Every morning, I like to sit near the window of our condo and look out on to the streets of Philadelphia. I watch as the empty sidewalks start to fill with people. The roads fill up with cars. Food carts appear on street corners. Lights turn on in the office buildings. Mornings are when the city wakes up.
Usually, on weekends, the process is a bit slower. It takes longer for the sidewalks and the street to fill. But eventually, they do, and the city finally comes to life. Not lately, though. There aren’t as many people. There are fewer cars. And not as many lights in the office buildings are turning on. Now when I look out the window, the city hasn’t been waking up. It’s a perpetual Sunday morning that lasts all day, every day.
Being stuck inside the house is unnatural. We aren’t used to the confinement. We are social creatures and miss those connections and contact with the outside world. Our bodies and our minds start to panic, which is only exacerbated by the fear and uncertainty of the spreading virus. It’s unnatural, but, for me, it also feels familiar.
A few years ago, my son was in a bad state. He was still seizing a lot, and the angry side effects of the medicine he was on came out as rage. He was isolated at home without social contact; no school, no friends, no playdates. My wife stayed home with him, equally isolated. A similar fear and uncertainty blanketed our lives, not knowing how long these conditions would last or, worse, whether they would ever change. Maybe that was going to be our life now, forever.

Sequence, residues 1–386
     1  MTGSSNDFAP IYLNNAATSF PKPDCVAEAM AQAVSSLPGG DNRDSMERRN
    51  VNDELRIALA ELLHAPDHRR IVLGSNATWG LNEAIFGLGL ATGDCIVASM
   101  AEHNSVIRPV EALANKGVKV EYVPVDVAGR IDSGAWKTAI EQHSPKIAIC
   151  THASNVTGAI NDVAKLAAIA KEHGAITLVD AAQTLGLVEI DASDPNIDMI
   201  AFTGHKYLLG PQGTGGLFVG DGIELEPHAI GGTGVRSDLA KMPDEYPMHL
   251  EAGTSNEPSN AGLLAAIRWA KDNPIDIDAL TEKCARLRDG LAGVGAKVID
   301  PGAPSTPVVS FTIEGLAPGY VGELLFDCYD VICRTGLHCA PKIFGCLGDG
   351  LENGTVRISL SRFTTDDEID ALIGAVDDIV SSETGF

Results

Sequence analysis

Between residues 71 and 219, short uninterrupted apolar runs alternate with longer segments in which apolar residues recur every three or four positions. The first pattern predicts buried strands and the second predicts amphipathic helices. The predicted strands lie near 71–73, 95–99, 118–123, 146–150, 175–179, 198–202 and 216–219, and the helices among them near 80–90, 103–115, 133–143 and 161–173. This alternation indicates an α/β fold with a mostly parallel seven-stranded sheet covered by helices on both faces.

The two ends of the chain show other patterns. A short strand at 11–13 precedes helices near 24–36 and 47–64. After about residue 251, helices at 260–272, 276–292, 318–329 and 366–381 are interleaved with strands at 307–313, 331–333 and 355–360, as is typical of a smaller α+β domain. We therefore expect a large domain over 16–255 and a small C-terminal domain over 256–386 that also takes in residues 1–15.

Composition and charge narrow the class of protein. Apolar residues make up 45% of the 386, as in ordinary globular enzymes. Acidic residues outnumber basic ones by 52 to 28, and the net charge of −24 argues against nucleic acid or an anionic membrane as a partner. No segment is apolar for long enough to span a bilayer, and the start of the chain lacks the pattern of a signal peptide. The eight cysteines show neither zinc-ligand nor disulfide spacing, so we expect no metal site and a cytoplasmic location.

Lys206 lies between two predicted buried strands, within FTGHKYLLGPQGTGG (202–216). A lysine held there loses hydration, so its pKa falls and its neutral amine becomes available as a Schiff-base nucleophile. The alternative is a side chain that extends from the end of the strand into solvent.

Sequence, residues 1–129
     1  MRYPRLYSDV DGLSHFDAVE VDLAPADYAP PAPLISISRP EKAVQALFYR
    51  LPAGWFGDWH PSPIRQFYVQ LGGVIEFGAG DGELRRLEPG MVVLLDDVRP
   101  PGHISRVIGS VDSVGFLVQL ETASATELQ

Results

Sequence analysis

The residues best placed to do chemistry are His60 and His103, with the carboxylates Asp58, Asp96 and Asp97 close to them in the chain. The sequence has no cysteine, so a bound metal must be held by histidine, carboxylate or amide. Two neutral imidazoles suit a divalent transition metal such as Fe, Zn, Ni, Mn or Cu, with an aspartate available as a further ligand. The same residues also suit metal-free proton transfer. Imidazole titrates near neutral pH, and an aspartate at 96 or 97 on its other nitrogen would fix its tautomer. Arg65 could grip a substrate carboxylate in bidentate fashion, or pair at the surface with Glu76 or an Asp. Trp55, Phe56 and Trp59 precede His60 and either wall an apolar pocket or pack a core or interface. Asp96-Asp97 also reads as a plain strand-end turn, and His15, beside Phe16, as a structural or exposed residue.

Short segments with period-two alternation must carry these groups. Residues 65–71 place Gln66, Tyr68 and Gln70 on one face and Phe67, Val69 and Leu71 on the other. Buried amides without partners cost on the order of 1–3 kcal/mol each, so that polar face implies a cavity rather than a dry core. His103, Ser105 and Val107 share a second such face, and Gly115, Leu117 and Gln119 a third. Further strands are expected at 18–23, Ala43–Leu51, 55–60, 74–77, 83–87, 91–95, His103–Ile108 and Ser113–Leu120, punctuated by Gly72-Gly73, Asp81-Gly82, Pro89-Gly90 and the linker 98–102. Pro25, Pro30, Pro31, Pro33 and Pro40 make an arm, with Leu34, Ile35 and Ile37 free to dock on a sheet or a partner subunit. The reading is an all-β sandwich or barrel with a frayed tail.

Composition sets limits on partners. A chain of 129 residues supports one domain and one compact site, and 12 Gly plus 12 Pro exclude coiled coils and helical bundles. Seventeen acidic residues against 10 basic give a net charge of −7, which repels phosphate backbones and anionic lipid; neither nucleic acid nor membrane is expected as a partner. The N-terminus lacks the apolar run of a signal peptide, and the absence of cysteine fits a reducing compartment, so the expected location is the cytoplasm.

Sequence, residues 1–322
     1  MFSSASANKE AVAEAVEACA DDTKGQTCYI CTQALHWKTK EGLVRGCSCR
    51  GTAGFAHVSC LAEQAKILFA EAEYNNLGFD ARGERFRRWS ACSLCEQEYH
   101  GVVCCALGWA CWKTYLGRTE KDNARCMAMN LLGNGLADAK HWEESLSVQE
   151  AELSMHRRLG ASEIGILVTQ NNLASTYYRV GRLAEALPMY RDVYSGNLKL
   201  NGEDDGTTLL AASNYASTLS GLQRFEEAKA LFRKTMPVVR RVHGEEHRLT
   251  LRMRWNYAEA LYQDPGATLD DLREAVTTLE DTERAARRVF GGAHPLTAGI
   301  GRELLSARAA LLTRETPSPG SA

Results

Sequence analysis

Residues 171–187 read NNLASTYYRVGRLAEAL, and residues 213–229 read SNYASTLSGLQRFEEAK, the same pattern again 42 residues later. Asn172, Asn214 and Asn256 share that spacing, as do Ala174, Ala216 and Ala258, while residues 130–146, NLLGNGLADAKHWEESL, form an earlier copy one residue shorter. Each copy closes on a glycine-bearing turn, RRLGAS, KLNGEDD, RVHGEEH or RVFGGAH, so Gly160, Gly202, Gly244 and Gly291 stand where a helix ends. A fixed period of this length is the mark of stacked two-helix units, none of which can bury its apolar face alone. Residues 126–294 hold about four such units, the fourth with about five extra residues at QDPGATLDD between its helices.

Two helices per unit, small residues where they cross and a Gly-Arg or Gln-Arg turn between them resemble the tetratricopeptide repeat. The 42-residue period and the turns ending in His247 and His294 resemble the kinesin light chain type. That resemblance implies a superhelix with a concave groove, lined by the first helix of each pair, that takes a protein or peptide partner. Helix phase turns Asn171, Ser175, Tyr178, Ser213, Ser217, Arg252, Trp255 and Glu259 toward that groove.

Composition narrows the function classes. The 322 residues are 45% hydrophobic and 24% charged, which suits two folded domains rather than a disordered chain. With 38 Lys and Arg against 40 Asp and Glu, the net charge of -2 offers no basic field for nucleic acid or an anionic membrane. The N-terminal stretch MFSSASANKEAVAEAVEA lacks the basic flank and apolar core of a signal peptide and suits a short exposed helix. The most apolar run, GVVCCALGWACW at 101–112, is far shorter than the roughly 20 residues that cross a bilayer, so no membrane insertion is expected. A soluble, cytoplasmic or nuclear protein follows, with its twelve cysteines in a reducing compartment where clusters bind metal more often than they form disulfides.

We couldn’t plan anything. We couldn’t really go anywhere. So we lived in a dark apartment, watching the city through our front window, hoping for something to change. That lasted for more than a year. Eventually, we found better medication and a nanny to help. We got therapy and found our way back to each other. But it was an agonizing and traumatic time, and our current isolation is triggering those painful memories.
Before “social distancing”, things had been better. My son was going to school for half days, but every day this year, which he couldn’t do before. He made a few real friends. We were looking forward to baseball season, bike rides, and summer. But now we find ourselves, along with the rest of the world, wondering what comes next.
It feels like another test of our strength and capacity to adapt to another “new normal.” Fortunately, we’re starting from a better place. My son is doing better. Our family is stronger. And we know that because we made it to the other side of those dark days years ago that we can make it through these challenges, too.
These are unnatural times. But as parents of children with epilepsy, we are no strangers to unnatural times. Hang in there. Remember to be kind to each other. Remember to make room for yourself. And we will make it through together.